Secondly, we are well into putting together the first ever EdTechConf eXtended @ Elkanah conference. We are coming along nicely and registration will open shortly.  I will post more details about that closer to the time. However, conference planning and co-ordinating is time consuming and since we want to make it a conference to remember, we’re putting quite a bit of energy into it!  I’m loving it and so enjoying working with @artpreston and @timkeller.  These guys have a winning recipe that I believe is going to grow into something they didn’t, in their wildest dreams, imagine they could ever create. And the fact that we are working with them to grow this dream is amazing, to say the least!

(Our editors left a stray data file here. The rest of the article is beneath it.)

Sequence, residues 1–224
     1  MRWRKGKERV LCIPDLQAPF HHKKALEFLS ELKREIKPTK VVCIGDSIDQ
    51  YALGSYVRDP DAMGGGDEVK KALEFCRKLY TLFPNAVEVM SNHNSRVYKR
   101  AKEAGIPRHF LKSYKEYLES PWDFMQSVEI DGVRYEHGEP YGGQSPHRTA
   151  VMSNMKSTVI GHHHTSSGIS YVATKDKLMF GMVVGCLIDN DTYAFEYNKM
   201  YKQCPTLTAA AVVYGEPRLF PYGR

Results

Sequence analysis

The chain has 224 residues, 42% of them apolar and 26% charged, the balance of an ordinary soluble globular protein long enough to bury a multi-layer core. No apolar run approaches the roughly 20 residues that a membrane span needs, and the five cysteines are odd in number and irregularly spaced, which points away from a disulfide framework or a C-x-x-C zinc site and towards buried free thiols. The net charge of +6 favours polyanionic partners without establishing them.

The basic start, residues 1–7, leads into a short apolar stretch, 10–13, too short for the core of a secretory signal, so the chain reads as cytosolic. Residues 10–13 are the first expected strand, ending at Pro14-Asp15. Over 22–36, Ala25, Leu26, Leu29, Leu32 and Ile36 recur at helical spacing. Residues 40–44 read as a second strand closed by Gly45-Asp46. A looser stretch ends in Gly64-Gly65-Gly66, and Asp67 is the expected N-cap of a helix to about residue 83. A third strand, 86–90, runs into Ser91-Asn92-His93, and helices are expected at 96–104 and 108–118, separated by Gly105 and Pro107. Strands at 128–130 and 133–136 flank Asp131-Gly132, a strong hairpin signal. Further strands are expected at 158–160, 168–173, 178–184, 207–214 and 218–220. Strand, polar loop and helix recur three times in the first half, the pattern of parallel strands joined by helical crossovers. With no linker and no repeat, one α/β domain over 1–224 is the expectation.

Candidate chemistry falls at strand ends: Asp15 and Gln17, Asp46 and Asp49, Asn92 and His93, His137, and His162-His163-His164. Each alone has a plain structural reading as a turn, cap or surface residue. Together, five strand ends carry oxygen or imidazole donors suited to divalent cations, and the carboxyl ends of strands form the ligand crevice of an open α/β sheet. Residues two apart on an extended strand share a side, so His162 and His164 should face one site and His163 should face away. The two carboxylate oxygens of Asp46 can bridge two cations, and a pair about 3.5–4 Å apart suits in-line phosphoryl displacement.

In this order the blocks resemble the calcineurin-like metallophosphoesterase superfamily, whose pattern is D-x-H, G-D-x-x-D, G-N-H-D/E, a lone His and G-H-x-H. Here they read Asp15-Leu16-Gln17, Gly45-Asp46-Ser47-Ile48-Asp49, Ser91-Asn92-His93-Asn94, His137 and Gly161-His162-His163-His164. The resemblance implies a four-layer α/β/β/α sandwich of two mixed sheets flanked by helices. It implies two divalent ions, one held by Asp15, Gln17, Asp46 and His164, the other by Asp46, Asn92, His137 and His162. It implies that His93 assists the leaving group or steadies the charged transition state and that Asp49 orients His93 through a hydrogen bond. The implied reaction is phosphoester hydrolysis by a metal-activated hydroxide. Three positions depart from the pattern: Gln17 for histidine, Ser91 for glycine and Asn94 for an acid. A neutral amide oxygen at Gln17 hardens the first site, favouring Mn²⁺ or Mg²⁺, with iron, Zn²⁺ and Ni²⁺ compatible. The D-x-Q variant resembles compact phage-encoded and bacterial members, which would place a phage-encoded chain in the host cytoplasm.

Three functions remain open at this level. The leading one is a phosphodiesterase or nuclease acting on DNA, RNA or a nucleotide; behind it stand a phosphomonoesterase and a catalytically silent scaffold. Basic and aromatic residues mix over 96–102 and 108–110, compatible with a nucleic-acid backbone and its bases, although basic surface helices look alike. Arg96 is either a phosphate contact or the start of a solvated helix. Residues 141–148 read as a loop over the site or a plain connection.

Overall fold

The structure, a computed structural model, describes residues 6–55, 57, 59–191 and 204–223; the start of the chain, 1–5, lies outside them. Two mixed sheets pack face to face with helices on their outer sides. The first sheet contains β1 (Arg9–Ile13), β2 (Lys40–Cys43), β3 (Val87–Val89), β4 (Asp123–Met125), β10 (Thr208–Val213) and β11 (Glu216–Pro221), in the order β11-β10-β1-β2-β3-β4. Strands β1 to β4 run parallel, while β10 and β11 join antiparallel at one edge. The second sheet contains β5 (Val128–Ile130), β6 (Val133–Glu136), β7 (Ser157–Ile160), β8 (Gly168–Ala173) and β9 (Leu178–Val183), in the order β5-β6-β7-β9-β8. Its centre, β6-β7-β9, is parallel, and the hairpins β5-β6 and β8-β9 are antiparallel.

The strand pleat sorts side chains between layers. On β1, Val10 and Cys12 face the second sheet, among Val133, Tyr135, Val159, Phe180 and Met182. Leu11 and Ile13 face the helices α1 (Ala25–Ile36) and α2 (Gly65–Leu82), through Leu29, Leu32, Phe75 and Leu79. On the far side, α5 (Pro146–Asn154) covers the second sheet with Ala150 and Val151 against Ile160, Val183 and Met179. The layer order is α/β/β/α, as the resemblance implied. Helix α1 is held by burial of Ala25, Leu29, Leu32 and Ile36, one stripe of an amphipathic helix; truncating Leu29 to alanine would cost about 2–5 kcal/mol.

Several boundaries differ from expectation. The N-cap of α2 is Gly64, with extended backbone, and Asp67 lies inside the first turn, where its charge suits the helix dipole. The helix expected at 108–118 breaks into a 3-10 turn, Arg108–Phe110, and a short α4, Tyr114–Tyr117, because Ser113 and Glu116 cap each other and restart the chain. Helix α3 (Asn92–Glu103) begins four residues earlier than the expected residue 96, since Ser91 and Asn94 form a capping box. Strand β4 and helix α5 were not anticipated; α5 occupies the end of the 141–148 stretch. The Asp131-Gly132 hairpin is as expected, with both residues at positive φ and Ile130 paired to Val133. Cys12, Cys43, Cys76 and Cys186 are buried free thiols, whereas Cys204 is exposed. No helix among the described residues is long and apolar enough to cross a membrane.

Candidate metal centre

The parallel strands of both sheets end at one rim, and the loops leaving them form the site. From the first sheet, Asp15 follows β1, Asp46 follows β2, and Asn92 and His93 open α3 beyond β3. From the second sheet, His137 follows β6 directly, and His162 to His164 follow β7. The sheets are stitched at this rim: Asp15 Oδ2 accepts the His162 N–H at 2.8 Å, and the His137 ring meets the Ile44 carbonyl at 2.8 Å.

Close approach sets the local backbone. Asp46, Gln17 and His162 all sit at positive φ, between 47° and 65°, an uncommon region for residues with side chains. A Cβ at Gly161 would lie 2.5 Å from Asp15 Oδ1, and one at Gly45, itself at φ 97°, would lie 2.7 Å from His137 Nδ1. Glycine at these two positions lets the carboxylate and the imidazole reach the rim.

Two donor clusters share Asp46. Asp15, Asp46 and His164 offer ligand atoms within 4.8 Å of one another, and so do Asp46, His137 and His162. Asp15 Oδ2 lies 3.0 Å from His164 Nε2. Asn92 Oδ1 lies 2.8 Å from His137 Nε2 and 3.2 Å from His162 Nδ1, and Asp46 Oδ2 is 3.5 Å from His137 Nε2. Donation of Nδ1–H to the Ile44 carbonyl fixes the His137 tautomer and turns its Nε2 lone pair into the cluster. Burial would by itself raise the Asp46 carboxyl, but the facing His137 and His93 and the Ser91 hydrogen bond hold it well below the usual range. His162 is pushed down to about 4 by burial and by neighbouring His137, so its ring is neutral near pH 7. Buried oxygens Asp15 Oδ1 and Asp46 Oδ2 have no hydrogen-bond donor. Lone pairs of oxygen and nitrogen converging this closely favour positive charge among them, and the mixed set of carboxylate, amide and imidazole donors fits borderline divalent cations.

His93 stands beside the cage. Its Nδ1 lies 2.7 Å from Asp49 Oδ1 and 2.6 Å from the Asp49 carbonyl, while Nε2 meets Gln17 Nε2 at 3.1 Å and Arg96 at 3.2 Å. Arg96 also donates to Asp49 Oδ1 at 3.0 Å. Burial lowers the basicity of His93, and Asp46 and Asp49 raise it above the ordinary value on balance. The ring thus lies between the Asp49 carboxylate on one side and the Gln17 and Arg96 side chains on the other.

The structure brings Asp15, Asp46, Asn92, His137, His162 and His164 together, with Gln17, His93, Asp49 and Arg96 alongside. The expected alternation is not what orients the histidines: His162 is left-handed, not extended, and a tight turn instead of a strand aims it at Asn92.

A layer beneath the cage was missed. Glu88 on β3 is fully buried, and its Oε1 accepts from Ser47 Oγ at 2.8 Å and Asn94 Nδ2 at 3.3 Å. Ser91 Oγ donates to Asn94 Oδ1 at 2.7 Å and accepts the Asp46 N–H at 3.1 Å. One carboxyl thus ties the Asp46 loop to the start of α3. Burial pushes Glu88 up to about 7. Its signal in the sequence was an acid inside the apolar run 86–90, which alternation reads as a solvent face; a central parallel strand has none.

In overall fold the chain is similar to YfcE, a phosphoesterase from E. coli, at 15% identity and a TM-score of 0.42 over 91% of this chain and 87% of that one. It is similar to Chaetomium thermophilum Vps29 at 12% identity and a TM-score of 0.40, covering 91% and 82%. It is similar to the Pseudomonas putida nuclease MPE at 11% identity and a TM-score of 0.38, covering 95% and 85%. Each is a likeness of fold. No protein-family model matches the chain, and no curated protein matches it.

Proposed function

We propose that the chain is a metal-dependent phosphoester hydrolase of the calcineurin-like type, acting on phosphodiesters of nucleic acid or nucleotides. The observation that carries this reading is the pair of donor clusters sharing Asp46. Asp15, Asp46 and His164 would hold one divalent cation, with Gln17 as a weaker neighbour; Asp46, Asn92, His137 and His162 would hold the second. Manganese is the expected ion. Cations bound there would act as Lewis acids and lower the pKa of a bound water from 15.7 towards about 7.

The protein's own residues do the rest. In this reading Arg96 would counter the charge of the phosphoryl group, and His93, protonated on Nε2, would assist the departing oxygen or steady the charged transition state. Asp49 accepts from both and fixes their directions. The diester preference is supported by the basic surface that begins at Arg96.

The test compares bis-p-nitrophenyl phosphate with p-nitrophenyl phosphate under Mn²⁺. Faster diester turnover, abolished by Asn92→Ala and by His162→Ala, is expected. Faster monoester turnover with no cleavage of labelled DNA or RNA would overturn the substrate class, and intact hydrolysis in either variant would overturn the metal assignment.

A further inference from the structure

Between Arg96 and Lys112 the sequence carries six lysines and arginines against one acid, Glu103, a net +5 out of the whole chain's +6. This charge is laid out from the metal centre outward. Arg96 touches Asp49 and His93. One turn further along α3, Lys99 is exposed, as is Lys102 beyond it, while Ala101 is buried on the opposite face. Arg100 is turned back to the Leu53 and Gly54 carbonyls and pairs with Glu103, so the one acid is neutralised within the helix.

Lastly, our iPad project is going full steam ahead, and it is this project that is keeping me the busiest – in fact it consumes my life at present – not that I am complaining!  The more I work with this wonderful device, the more convinced I become that this is a powerful tool for education and that it can change the way teaching and learning takes place.  Yes, there are many little obstacles, but those are mostly in our minds.  We have to change our way of thinking, shift our viewpoints and enable the children to take more responsibility for their learning.  At the SchoolNet ICT in the Classroom conference that I attended recently, I heard the speaker, John Davitt, refer to “struggleware”, in terms of giving children difficult tasks or projects to do and telling them to get on with it.  A little struggling never did anyone any harm and it encourages out-of-the-box thinking and innovation.  Well, I think of the iPads as “struggleware” for teachers!  These devices are pushing our boundaries and encouraging us to step out of our comfort zones, and I believe this is a good thing.  However, having said this, I don’t think the iPad is a difficult device to use and will by no means be “struggleware” for the children. It is an intuitive device and simple to use but since we (at our school) work in an exclusively Windows environment, there are a few issues we need to get our heads around – and getting the teachers to grips with the idea of cloud computing… well, that’s a different story altogether!  My challenge is to get the curriculum mapping underway and we have our first workshop with the Grade 6 teachers on Friday. I look forward to that.